Provided you meet the standards you are going to get an approval in about 10 days. No ifs, not buts.

But as I said, yes, you do need strata approval first and foremost. I was referring to the comment about needing a DA.
 
Hi,

I've recently moved into my apartment I bought and I want to knock down a wall . I've already been in the ceiling and it's not a load bearing wall which is good news. I found out the next door neighbors also knocked that wall out when they renovated.
I called strata today to find out the process . She said I will have to get a DA and it will have to be signed off by a structural engineer.

So I'm just wondering from people who have done this before, how long does the DA usually take and how much would the engineer cost.??

I will be doing the demoloshing and everything else myself .

Cheers

wonder what has to do with a DA, i have done this numerous times with permit in victoria. Normally - depending on how old your apartment is, you can purchase the original architect's plans from the council which takes 2 weeks to search of you may buy them from the architect.

If not, you will need a structural engineer to do an assessemnt, it could take anything btw of $500-$1500 for a report to satisfy the owners corporation.

normally if the wall is hanging off a dropped ceiling it definitely isn't load bearing however be careful not to take out other load bearing walls if you're not sure get a builder and if they're any electrical cables, get it disconnected first.

also be aware of sprinkler or fire safety issues as they get dangerous to deal with.
 
wonder what has to do with a DA, i have done this numerous times with permit in victoria. Normally - depending on how old your apartment is, you can purchase the original architect's plans from the council which takes 2 weeks to search of you may buy them from the architect.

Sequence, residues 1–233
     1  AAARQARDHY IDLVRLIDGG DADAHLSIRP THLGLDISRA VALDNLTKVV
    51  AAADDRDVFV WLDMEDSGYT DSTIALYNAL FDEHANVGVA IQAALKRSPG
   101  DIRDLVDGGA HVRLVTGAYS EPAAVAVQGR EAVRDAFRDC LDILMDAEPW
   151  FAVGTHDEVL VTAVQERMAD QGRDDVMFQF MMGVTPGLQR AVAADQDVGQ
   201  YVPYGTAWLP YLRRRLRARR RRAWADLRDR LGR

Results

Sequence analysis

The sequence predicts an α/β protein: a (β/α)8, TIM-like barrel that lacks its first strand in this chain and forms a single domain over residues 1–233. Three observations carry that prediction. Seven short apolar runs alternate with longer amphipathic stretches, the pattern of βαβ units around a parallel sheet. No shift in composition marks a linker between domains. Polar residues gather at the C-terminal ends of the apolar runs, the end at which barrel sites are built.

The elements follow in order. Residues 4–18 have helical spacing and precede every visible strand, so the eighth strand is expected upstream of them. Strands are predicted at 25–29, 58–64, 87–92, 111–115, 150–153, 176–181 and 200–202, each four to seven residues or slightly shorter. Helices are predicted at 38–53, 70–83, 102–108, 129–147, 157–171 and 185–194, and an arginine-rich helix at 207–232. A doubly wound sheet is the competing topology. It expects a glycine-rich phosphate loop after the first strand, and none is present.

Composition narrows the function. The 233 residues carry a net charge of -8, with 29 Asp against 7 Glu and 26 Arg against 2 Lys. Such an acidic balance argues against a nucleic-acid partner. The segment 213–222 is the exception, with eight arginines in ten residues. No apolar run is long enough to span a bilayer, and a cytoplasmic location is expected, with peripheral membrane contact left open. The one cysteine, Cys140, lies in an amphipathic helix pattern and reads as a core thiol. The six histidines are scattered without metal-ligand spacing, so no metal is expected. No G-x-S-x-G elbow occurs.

If not, you will need a structural engineer to do an assessemnt, it could take anything btw of $500-$1500 for a report to satisfy the owners corporation.

normally if the wall is hanging off a dropped ceiling it definitely isn't load bearing however be careful not to take out other load bearing walls if you're not sure get a builder and if they're any electrical cables, get it disconnected first.

also be aware of sprinkler or fire safety issues as they get dangerous to deal with.

NSW has different planning legislation to Victoria.
 
Thanks for the quick replies

Here is the letter the strata sent me


If you’re planning to knock down walls, I will need the followings to be submitted:
*
1.**** Your application in writing
2.**** Scope of works
3.**** A Structural Engineer’s certificate to confirm that the proposed renovation by knocking down the walls will not interfere with the structural integrity of the building
4.**** Development Application
5.**** Sketch Plan / Architect Drawing
*
On receipt of the required documentations, I’ll run a Paper Meeting for voting by the Executive Committee.
*
Regards
*

So this obviously answers the question of whether or not I need DA approval.

Does anyone know how much it will be and how long it will take . Also there is 12 units in my block . If 1 of them say no to the proposal is that enough to stop it or does it have to be a certain percentage of people ?
 
Does anyone know how much it will be and how long it will take . Also there is 12 units in my block . If 1 of them say no to the proposal is that enough to stop it or does it have to be a certain percentage of people ?

Read the strata rules. They will specify the type of meeting, who can vote and the size of majority needed.

They will also specify the quorum needed to be a valid meeting and most likely the procedure to move the process forward if a quorum cannot be found (this stops people from nixing everything by not turning up to meetings). Such process take time because adequate notification must be given to all stakeholders, typically 14 days.